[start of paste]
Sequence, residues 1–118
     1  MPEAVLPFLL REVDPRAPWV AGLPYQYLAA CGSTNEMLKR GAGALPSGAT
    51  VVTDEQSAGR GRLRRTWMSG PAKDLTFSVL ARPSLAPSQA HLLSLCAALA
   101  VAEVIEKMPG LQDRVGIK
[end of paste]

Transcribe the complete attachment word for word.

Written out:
Sequence, residues 1–118
     1  MPEAVLPFLL REVDPRAPWV AGLPYQYLAA CGSTNEMLKR GAGALPSGAT
    51  VVTDEQSAGR GRLRRTWMSG PAKDLTFSVL ARPSLAPSQA HLLSLCAALA
   101  VAEVIEKMPG LQDRVGIK